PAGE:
Forsaken takes “Destiny” into its own hands


Bungie promises new direction with newest expansion

by Alexis Tucker, Managing Editor

Reviewed on PlayStation 4
Before getting into the thick of things, Guardians that have never enjoyed “Destiny” in the past will probably not enjoy “Destiny 2’s Forsaken.” All of the same problems are there, but Bungie has made promising progress in the right direction with “Forsaken.” However, the expansion is $40, and that may alienate some consumers right off the bat.
Bungie’s “Destiny 2” lost much of its previous user base with competitors such as “Warframe,” the anticipation of Electronic Art’s “Anthem,” and many other games in the same or similar genre. The original “Destiny 2” campaign gave what fans were craving for… for three whole missions. The exciting idea of the player, known as the Guardian, losing their light to Cabal Red Faction leader Ghaul, who could arguably be the best villain the series has seen. Without the Guardians light, they cannot be resurrected. But Bungie ruined it when they gave the Guardians light back 30 minutes into the main stories, which took away the high stakes they had created.
The raid team were put in charge of “Forsaken,” which created a lot of excitement because raids are the best part of “Destiny.” With their first expansion of full control, and this potentially risky bet has paid off for Bungie. The raid team has always created new and interesting mechanics with similar and familiar elements to build fantastical and challenging raids for Guardians to explore. The raids have always been the hardest and most rewarding experience in “Destiny,” and now, the whole DLC feels that way in the best way possible.
As always, Bungie has switched the endgame system up, but this system is akin to the way the original “Destiny” year one felt.
Guardians have to infuse weapons and armor with higher light level variations using consumables such as masterwork cores, legendary shards, glimmer and planetary materials, which is a pain. Masterwork cores at the moment are only available by dismantling legendary weapons, and Guardians are only guaranteed up to two or three at most per dismantle. The majority of Guardians have cobbled together a hodgepodge of armor pieces with no shaders, refusing to infuse their armor to save on masterwork cores. Along with the masterwork core system, Bungie brought back Triumphs to unlock, but it’s more like achievements or trophies tracked in game.
The new gamemode Gambit is a refreshing contrast to how ‘sweaty’ Crucible can be. Gambit is a best two out of three, four-versus-four, player-versus-enemy match where guardians race to 75 motes to kill their primeval, a giant boss that is summoned at 75 motes, first. Guardians kill enemies and each enemy drops a “mote” with different enemies having varying amounts of motes dropped. The maximum amount of motes carried is 15, and once Guardians drop their motes off at the bank, they send blockers (a large at 15 motes, a medium at 10, and a small at 5) to the other team to prevent them from depositing their motes. The team sending the blocker can then, after enough motes deposited, have a chance to invade the other side and kill the opposing team. Once motes are dropped, they are lost forever. Invading and killing the other team while they have their primeval heals the boss. Most Gambit matches seem to be one by the wire with the other team only just pulling ahead or just losing by an extremely small amount, so playing Gambit feels rewarding and less like a chore as is Crucible.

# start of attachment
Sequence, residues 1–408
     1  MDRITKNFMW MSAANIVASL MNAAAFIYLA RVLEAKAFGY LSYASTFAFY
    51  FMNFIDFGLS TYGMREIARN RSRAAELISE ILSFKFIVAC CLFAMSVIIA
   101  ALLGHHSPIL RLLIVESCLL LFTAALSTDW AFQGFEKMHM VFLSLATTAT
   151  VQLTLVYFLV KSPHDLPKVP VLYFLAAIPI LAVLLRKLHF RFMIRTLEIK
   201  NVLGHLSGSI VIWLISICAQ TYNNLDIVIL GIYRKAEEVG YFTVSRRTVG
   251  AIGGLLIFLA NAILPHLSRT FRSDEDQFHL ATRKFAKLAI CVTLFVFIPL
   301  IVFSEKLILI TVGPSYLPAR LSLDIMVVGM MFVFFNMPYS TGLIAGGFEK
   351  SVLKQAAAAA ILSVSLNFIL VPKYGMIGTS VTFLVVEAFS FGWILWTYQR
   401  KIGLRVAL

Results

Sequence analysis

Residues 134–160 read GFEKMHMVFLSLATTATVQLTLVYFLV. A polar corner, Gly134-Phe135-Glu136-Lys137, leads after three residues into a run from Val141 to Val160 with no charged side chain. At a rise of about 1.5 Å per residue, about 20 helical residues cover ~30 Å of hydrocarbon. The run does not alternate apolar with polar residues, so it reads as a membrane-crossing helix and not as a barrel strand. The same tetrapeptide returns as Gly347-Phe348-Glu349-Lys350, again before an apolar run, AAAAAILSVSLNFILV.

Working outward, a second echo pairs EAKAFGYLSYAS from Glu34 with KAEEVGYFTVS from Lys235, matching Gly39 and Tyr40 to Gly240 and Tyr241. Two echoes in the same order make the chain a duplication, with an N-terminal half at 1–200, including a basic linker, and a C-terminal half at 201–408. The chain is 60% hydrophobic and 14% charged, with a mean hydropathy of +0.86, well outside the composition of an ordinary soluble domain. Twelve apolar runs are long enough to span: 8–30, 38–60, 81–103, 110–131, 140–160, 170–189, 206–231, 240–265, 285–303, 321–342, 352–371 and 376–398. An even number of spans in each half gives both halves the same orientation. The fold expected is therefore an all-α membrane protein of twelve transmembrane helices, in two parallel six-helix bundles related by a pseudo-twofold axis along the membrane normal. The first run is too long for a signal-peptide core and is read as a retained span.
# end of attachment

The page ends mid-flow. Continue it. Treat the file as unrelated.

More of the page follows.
The story of “Forsaken” at face value is just a simple revenge story, but the plot evolves as the player gets deeper into the game and unlock more endgame content. The plot takes Guardians to the Tangled Shore, the first of the two patrol areas unlockable in “Forsaken,” and they have to help Petra Venj get the Prison of Elders under control. The Scorn, reskinned Fallen, are introduced as one of the main antagonists of “Forsaken.” After completing the campaign, guardians can talk to Petra, and she’ll vanish after that encounter. They have to do some “chores,” and Guardians unlock more missions and a new patrol, the Dreaming City. The Dreaming City is where “Forsaken” shines. It is the most beautifully crafted patrol area to date, and there are secrets begging to be discovered as developers hinted at earlier this year. In a completely surprising twist, the Last Wish raid opened Sept. 14, and only two teams completed it in the first day. These 12 guardians get a free jacket and emblem in honor of this feat. It took 19 hours for the first team to complete it. This is the longest completion time for any “Destiny” raid ever. The moment the first guardians completed the Last Wish, it unlocked another mission and a new strike, which reveals some interesting theories to the story direction. Bungie has finally succeeded in creating an evolving world, and it is exciting to play for once. When Guardians spawn into the Dreaming City, the city is being “taken” over. Black flecks float in the air, and the Taken are more aggressive and more numerous. The implication of this development could mean that the Dreaming City will continue to evolve over the coming weeks, but no one knows what’s going to happen next.
Overall, “Destiny 2 Forsaken” is familiar and recaptures some of what Guardians loved in the first with some new and much needed additions. It is more of the same in some aspects like collecting loot, get higher light level, and then raid, but the ever-evolving Dreaming City breathes some new life into the game that was promised way back when “Destiny” was being teased.